His story is somewhat mysterious. Apparently someone called Animal Control to report a strange little animal hanging around their back yard. After he was captured they called us, thinking he was a red-handed tamarin. We do have two of those, and plenty of room for another, so arrangements were made to transfer him to us since no other zoos or animal trainers had reported him missing. In all probability he had been someone's pet and either escaped or was set loose. Whoever he lived with was probably breaking the law by keeping him, so it isn't too great of a shock that they didn't advertise the fact that he was gone.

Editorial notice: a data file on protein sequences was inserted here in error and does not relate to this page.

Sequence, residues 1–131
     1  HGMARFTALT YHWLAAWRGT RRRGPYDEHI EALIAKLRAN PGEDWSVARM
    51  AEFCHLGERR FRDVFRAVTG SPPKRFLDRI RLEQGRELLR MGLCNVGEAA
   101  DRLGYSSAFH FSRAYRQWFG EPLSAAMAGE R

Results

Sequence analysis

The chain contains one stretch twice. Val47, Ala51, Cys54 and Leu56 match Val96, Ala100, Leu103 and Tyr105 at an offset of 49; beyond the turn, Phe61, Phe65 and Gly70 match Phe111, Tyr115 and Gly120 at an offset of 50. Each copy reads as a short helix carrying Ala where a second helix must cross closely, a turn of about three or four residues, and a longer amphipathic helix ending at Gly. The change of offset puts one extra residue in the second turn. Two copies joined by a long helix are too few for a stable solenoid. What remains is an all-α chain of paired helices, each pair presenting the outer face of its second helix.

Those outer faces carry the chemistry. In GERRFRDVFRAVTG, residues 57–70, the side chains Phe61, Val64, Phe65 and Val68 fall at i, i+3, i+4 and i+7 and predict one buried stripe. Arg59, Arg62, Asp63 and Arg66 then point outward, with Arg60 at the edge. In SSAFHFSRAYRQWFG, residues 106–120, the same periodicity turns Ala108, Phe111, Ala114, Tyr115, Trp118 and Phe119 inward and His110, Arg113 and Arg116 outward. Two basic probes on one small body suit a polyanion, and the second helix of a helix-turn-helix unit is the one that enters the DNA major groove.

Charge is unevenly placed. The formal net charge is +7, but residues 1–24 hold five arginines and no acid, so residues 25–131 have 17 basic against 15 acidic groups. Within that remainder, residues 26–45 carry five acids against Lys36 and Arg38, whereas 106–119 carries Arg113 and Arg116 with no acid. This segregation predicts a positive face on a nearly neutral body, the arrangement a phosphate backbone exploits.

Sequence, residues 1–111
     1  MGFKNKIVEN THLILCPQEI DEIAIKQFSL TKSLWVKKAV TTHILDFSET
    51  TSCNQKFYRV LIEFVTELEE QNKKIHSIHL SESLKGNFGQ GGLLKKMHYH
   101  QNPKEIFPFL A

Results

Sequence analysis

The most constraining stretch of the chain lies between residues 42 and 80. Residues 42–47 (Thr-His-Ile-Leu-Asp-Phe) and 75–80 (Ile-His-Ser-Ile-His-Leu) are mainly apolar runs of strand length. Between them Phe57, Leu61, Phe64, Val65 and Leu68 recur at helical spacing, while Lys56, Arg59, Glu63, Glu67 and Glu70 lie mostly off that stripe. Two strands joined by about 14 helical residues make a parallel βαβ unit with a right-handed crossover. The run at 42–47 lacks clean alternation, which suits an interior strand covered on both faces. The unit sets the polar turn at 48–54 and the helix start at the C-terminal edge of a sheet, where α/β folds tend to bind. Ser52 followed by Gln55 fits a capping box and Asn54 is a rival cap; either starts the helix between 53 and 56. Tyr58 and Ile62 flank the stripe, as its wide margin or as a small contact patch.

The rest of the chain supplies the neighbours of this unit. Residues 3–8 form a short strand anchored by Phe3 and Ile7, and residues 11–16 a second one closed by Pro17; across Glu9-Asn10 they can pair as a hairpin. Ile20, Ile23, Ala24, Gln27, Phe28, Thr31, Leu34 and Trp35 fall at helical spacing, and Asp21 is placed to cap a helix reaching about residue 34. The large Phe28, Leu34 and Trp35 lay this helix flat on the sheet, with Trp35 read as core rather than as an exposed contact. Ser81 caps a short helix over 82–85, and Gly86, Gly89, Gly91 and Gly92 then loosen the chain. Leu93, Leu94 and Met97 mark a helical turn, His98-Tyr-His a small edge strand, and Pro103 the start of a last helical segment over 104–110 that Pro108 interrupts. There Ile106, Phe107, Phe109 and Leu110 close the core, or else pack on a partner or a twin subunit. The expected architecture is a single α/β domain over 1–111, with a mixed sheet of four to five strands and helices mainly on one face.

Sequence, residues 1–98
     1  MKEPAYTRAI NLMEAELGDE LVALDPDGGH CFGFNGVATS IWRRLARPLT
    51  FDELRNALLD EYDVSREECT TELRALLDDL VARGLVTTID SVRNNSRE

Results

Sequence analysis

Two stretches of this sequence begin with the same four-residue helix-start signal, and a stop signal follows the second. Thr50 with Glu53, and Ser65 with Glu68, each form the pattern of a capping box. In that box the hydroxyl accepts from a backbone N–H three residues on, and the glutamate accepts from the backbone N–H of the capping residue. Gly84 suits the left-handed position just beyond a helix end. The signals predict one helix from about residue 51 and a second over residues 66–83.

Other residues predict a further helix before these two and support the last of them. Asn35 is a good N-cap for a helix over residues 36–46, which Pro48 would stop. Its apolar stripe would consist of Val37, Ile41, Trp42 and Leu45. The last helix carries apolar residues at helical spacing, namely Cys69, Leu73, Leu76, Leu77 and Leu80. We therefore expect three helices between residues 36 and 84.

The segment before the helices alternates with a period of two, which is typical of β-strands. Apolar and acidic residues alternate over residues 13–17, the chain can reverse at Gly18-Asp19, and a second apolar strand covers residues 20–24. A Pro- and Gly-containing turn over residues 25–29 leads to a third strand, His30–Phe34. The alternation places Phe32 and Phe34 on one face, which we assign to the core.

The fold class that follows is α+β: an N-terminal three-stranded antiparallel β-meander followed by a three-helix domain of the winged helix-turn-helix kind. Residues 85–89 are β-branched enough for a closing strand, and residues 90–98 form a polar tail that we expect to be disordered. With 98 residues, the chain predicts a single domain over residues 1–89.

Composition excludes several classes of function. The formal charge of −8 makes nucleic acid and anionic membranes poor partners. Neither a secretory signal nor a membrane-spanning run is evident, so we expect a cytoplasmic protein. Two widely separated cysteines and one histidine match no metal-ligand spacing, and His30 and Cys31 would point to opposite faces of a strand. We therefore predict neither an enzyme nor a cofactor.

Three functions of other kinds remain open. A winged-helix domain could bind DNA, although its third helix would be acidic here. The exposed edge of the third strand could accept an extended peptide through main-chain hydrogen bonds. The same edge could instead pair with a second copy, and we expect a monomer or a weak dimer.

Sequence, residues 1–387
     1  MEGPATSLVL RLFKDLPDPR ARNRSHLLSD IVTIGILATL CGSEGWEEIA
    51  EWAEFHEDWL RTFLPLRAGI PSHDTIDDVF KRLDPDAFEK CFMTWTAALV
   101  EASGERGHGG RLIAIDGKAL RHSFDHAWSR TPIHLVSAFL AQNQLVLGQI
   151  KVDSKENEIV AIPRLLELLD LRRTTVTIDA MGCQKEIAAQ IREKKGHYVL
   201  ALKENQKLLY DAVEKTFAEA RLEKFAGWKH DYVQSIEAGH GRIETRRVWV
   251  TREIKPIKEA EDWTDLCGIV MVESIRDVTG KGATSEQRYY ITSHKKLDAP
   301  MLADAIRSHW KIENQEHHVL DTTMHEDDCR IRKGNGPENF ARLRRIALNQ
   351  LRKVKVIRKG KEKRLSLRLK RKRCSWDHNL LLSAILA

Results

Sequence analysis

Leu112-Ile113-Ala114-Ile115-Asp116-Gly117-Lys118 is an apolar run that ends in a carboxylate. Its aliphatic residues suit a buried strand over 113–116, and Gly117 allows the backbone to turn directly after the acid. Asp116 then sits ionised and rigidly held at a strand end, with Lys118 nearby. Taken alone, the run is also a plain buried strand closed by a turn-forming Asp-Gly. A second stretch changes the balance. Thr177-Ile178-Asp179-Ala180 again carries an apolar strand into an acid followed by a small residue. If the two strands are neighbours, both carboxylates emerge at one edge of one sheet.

As soon as he arrived it was clear that he is not a tamarin, red-handed or otherwise! Fortunately though, we do have an empty spot for him. Hopefully in the future we can get him a partner since primates seldom enjoy living alone even if they are friendly enough (as this guy is) to accept a level of human companionship.
In the wild common marmosets make their living in a very unusual way: they chew through tree bark to get at the sap hidden within. They also eat soft fruits, insects, and whatever else they can find.
Their dentition, though, is specialized for the tree-chewing (that's what the guy at the left is doing). In some parts of South America they are common enough to occur in city parks; it must be quite amusing to look up and see a tiny cockatiel-sized monkey busily chewing a hole in the tree you're sitting under.
Of course, judging by our new charge, I now know that the same thing could happen in Los Angeles.